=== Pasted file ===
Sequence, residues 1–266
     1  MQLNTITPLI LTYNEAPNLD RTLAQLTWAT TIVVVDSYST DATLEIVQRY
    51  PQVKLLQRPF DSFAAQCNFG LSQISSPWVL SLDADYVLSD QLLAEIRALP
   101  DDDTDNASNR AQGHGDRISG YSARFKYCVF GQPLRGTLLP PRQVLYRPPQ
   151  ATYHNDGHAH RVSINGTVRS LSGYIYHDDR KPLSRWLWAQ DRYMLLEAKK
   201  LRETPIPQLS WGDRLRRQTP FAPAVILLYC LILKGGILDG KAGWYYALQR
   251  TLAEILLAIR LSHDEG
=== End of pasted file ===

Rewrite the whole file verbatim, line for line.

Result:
Sequence, residues 1–266
     1  MQLNTITPLI LTYNEAPNLD RTLAQLTWAT TIVVVDSYST DATLEIVQRY
    51  PQVKLLQRPF DSFAAQCNFG LSQISSPWVL SLDADYVLSD QLLAEIRALP
   101  DDDTDNASNR AQGHGDRISG YSARFKYCVF GQPLRGTLLP PRQVLYRPPQ
   151  ATYHNDGHAH RVSINGTVRS LSGYIYHDDR KPLSRWLWAQ DRYMLLEAKK
   201  LRETPIPQLS WGDRLRRQTP FAPAVILLYC LILKGGILDG KAGWYYALQR
   251  TLAEILLAIR LSHDEG